After the Nobel Laureate Meeting, Jonathan Bauer was so motivated that, at a conference in Israel shortly after the meeting, he paved the way for his next academic position after his doctorate. In November 2014, Jonathan Bauer received a Feodor Lynen scholarship from the Alexander von Hum­boldt Foundation and started postdoctoral research under Professor David Milstein at the Weizmann Institute of Science in Rehovot. While there, he conducted research into the development of new catalytic processes for resource-conserving chemical reactions.

Discovering the secrets of chemistry while pursuing other interests

During this time, Jonathan Bauer put on hold the second degree he had started in 2011 – a distance-learning Master’s in European Modernity through the Fernuniversität Hagen. “When you’re studying in the natural sciences, the act of studying is very fulfilling in itself. However, the social sciences – literature, history, music – have always interested me,” says Jonathan Bauer, who studied at a musical Gymnasium. “Maybe that’s also why I decided to study Chemistry. To me, it always seemed to harbour some kind of secret that I wanted to uncover.”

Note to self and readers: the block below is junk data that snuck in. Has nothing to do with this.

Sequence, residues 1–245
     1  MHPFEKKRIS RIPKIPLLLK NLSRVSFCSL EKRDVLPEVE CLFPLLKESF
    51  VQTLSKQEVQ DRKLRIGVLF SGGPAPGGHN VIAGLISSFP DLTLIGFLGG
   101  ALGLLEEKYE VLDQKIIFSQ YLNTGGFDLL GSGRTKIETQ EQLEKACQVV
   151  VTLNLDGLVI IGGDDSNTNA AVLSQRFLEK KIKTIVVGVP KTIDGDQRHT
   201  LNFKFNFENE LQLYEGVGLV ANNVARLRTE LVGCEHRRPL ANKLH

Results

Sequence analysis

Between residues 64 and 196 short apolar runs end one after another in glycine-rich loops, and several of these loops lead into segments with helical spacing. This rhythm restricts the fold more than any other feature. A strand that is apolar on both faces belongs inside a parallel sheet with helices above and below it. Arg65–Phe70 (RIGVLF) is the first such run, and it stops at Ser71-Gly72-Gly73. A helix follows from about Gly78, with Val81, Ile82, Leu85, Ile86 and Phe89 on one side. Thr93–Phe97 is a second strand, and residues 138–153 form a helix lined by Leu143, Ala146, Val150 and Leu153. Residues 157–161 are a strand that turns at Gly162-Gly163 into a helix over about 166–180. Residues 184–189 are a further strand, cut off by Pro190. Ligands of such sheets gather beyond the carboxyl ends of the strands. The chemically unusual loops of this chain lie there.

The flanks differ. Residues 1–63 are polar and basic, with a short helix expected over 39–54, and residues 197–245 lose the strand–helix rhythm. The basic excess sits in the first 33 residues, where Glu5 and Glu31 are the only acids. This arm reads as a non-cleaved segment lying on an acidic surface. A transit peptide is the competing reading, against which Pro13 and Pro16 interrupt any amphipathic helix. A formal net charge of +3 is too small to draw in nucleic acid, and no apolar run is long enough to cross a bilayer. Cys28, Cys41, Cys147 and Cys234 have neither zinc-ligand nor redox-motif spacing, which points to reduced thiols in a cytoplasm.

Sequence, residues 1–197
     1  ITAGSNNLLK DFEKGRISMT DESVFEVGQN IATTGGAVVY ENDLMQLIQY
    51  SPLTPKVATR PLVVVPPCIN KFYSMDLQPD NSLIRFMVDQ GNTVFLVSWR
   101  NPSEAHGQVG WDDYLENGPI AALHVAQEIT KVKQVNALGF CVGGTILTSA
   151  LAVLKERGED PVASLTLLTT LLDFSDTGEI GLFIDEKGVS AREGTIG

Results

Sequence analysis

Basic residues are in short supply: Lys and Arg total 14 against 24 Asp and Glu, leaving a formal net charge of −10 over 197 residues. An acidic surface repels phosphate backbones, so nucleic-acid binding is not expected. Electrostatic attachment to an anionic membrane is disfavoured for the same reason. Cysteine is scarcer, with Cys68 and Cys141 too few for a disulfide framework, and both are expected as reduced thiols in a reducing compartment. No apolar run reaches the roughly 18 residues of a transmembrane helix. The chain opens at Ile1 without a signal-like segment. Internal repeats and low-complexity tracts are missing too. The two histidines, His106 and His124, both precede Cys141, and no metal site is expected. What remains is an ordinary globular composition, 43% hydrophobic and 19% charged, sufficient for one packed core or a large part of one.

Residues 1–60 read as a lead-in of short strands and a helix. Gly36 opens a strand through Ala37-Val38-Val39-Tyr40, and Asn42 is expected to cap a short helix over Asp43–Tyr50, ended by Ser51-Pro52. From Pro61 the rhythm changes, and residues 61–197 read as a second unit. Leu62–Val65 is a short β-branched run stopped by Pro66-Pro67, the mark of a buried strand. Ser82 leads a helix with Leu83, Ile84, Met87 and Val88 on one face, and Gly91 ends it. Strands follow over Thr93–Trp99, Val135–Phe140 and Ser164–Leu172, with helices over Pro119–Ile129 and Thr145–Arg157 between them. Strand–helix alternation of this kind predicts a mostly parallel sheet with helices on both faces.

Jonathan Bauer has been Head of a Junior Research Group at the Uni­versity of Regensburg’s Institute of Inorganic Chemistry since February 2018. The Elite Network of Bavaria uses the Junior Research Group format to promote early career researchers after their doctoral studies. “It is one of the best support programs in Germany for this stage in an academic career,” says Bauer.

Ensuring safe and sustainable chemical processes

Bauer’s research focus is on developing new, fundamental concepts that would enable raw materials to be used in a more resource-efficient manner. “My aim is to find an alternative to noble metals, which are in very limited supply on earth. It would be based on a ubiquitous element with cha­rac­te­ristics we can exploit: silicone.” The second most common element in the earth’s crust, silicone appears in rock form. “With the help of a mole­cular system based on silicone, I hope to develop a process that allows important chemical reactions to take place in an environmentally friendly manner – for example, where the only by-product is hydrogen, which can then be used for other purposes.”

It’s fair to say, then, that Jonathan Bauer’s decision to stay in science and academia has paid off. “Everything has gone very well so far. Of course, you sometimes wonder what the future might hold in store. Ultimately, though, I’m optimistic.”

To the Junior Research Groups